Showing posts from May, 2017

Is AI Really Everywhere? Scorsese!

I am sure many of you have had the experience of texting someone only to get back a reply that is either not at all related to what you sent or is simply question marks and a confused face emoji. Only then do you realize you have fallen victim to autocorrect. I myself experienced this last fall when, after encountering some car issues, I texted my sister. She offered her condolences and wanted to know if I planned to get another one. Well, yeah, I needed a car—but my phone corrected my message, “the cay died,” to “the cat died.” Fortunately my pets were fine. And I love my cats, as anyone who knows me will tell you, so it is not a surprise that my phone autocorrected to cat. But how would the phone know to make this correction? Autocorrect uses machine learning and is perhaps the simplest example of AI (artificial intelligence). Each phone, tablet, or even program like Microsoft Word is set to study patterns to see commonly used words as well as how we react to suggested chan…

Benefits and Techniques of Meditation

Along with books and other informational material, libraries offer numerous programs related to health and wellness. In today's fast-paced society, there is little time to focus on the health of your mind. Often, we are so worried about what we are putting into our mouths and bodies, we neglect the energies and thoughts that may be absorbed by our minds. The demanding boss who pressures you for results at the expense of your sanity, the driver who cuts you off on your way home from work, the person who is unnecessarily rude to you are just some examples that may affect your mood long after the incident has taken place. Unless you learn to deal with these situations positively, they will eventually weigh on you and change your behavior and attitude towards yourself and others.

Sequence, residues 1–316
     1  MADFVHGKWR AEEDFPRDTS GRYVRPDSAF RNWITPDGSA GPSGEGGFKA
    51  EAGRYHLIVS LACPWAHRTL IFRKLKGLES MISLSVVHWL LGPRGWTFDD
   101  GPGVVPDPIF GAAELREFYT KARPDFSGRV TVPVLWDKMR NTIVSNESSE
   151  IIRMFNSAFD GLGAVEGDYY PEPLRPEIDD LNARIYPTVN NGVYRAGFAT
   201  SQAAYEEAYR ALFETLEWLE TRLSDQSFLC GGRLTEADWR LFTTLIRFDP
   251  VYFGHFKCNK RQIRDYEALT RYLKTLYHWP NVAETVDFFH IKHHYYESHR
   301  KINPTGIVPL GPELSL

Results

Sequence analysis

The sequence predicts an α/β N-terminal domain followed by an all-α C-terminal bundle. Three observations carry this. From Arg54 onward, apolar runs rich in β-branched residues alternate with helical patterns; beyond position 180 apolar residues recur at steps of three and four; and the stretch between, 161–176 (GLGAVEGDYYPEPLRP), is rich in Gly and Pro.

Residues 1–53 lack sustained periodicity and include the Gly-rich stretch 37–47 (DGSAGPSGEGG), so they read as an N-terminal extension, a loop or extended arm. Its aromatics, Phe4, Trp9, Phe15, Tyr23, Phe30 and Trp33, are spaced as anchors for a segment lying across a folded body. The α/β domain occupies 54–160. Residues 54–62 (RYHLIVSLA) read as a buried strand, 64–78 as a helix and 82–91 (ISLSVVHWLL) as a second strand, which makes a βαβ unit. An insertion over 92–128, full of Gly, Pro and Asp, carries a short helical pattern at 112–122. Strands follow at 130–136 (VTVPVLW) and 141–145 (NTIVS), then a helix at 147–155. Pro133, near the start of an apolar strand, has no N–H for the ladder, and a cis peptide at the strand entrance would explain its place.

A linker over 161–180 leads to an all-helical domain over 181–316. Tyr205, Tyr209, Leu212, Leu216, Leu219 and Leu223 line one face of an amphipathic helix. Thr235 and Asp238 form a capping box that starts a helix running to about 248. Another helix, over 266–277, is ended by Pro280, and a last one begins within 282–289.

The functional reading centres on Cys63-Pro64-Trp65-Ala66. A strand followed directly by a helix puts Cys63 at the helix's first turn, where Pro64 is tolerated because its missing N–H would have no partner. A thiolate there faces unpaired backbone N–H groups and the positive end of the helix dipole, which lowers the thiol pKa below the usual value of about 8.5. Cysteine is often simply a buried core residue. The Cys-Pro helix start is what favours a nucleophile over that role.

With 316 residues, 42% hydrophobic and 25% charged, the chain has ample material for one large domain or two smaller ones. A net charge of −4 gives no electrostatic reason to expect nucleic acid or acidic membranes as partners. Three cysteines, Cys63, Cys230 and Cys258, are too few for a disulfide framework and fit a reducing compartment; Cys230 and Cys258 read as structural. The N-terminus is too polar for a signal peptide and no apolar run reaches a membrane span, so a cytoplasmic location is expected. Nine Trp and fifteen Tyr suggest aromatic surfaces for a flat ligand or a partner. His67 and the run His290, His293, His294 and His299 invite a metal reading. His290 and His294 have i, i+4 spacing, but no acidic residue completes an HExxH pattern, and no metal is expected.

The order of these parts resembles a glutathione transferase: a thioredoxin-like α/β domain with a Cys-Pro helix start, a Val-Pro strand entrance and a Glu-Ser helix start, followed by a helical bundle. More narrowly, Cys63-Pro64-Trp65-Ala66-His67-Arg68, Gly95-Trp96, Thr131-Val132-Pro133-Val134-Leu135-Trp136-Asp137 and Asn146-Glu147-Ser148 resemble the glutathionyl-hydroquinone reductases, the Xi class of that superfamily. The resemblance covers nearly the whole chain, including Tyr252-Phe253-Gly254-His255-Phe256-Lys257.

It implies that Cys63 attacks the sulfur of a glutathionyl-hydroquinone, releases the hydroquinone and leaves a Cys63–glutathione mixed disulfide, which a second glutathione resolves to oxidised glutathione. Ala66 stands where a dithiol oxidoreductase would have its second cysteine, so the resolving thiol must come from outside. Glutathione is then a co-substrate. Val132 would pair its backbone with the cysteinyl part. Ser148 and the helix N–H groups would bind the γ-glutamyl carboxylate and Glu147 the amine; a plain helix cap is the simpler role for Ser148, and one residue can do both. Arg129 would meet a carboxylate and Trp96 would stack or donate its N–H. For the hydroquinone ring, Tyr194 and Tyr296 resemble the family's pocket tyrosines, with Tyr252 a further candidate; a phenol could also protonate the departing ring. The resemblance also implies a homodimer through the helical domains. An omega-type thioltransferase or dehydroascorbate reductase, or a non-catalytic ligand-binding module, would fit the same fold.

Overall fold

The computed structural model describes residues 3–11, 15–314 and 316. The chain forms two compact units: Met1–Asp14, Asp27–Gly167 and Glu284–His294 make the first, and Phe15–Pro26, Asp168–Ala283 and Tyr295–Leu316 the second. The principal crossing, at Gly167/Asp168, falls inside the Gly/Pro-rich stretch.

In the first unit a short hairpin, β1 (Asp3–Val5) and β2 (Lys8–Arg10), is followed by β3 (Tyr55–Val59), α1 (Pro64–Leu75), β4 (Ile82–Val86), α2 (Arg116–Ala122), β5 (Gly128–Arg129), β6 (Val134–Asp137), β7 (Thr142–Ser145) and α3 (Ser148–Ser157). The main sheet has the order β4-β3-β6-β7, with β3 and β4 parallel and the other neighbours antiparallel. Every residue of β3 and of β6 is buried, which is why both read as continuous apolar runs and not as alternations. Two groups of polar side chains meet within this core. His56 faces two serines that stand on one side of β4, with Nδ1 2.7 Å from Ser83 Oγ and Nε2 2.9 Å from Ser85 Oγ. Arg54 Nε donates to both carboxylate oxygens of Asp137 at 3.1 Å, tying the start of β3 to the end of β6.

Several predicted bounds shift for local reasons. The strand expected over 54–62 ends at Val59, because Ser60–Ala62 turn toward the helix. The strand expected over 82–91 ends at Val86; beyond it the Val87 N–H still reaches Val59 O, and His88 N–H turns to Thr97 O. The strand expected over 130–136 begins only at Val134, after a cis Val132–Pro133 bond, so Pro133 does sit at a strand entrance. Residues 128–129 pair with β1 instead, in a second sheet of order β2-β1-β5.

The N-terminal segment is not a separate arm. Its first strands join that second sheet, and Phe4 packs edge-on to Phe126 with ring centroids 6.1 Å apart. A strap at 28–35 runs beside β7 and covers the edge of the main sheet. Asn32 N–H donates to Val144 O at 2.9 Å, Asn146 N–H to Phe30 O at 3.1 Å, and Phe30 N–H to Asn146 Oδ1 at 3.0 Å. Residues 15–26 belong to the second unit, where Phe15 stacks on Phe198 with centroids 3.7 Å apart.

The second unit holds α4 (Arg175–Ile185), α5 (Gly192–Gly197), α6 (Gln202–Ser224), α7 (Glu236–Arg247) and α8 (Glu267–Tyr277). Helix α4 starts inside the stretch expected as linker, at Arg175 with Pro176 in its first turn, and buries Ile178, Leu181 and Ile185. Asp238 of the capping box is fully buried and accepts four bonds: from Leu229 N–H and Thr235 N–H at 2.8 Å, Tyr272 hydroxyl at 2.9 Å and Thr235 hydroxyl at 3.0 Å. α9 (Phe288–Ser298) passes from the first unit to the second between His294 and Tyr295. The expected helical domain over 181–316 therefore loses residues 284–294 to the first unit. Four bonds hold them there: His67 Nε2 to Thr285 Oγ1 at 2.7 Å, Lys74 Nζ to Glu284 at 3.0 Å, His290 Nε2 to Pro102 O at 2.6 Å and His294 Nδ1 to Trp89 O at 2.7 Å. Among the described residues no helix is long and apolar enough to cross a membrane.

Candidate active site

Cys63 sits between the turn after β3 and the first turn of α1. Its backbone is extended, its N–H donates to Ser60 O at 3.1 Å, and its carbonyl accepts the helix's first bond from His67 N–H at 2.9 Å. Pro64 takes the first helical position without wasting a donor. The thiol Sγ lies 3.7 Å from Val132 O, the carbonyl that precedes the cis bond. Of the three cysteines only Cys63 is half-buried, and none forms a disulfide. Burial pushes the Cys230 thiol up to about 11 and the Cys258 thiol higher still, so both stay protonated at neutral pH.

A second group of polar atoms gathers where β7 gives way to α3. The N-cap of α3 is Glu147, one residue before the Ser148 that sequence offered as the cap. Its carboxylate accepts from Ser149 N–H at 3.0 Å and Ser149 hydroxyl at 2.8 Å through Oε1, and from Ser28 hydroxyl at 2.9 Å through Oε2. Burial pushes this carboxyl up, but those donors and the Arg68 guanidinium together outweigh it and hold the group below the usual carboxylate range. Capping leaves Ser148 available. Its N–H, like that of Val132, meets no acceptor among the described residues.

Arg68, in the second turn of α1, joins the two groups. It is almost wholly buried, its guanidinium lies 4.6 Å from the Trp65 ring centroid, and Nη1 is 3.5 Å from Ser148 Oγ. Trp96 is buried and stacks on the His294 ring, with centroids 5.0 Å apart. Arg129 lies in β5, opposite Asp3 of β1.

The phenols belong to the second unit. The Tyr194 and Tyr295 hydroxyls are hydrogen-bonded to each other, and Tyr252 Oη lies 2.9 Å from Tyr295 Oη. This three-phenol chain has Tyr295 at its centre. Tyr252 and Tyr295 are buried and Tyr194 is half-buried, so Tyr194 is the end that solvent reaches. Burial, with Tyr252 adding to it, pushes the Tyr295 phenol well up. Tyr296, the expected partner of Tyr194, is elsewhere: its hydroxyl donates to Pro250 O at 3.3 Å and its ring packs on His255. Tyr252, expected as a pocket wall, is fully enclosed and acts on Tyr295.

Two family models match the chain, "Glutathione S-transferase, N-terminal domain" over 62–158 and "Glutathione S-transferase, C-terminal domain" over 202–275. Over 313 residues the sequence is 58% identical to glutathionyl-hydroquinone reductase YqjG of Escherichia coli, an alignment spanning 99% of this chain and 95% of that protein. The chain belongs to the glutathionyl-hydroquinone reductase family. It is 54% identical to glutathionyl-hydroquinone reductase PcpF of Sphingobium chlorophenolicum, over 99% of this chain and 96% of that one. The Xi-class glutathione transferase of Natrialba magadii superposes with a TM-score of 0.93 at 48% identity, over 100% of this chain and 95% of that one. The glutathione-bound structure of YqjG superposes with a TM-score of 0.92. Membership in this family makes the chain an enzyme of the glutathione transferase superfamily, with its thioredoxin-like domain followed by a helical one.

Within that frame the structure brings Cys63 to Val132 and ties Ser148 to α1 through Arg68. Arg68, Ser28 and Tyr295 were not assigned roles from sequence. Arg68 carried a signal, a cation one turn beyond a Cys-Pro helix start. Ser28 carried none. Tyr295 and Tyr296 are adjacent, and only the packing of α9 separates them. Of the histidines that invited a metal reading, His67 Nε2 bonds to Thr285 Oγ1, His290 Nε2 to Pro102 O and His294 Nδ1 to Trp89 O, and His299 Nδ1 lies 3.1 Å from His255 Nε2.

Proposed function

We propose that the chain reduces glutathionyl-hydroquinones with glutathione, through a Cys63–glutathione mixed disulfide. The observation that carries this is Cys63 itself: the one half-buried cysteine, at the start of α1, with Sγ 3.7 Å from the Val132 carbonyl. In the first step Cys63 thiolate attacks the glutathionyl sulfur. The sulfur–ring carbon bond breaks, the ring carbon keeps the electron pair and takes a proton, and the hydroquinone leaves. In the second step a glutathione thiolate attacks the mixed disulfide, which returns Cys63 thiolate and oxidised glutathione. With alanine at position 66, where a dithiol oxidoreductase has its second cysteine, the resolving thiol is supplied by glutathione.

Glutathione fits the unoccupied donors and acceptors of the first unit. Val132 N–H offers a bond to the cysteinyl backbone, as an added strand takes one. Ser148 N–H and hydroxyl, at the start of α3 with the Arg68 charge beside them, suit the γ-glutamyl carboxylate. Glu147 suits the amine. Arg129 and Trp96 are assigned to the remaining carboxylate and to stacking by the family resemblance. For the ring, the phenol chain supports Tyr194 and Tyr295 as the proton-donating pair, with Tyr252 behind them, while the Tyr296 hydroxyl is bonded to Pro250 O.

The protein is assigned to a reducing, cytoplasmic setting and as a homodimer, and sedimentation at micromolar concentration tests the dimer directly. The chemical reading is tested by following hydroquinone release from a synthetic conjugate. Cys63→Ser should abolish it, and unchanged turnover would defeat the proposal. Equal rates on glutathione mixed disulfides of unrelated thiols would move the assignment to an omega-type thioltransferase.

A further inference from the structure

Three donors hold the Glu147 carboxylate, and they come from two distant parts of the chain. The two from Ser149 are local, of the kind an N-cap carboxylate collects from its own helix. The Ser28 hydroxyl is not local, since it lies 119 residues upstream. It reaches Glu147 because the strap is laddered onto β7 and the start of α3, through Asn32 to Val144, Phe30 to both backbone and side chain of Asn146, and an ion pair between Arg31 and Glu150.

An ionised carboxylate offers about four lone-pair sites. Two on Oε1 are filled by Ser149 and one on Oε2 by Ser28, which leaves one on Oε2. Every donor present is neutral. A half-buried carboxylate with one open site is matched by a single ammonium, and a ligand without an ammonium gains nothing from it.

It seems as if everyone is trying to find ways to bring inner peace, happiness, and self-acceptance into their lives. We are all looking for techniques to relieve stress and seeking a way out from under t…

Books to Get You Thinking

Since 1917, Columbia University’s Pulitzer Prize Awardshave celebrated distinction in journalism and writing across a range of subjects that include Biography, Poetry, Drama, Music, History, Fiction and General Non-fiction. Today the Pulitzer Prize has become one of the most respected marks of recognition in the literary and publishing world. The much anticipated 2017 Pulitzer Prize winners were announced the afternoon of April 10, marking the 101st anniversary of the prestigious awards.

The year saw a proliferation of rich literature, some of it winning multiple awards and literary recognition. Colson Whitehead’s The Underground Railroad, featured in the January column of Books to Get You Thinking, was the 2017 Pulitzer Prize-winning title in the category of fiction and was also the winner of the 2017 National Book Award. This month’s column highlights the Pulitzer winners and finalists in the category of History and General Nonfiction. All titles can be found in the Mercer Coun…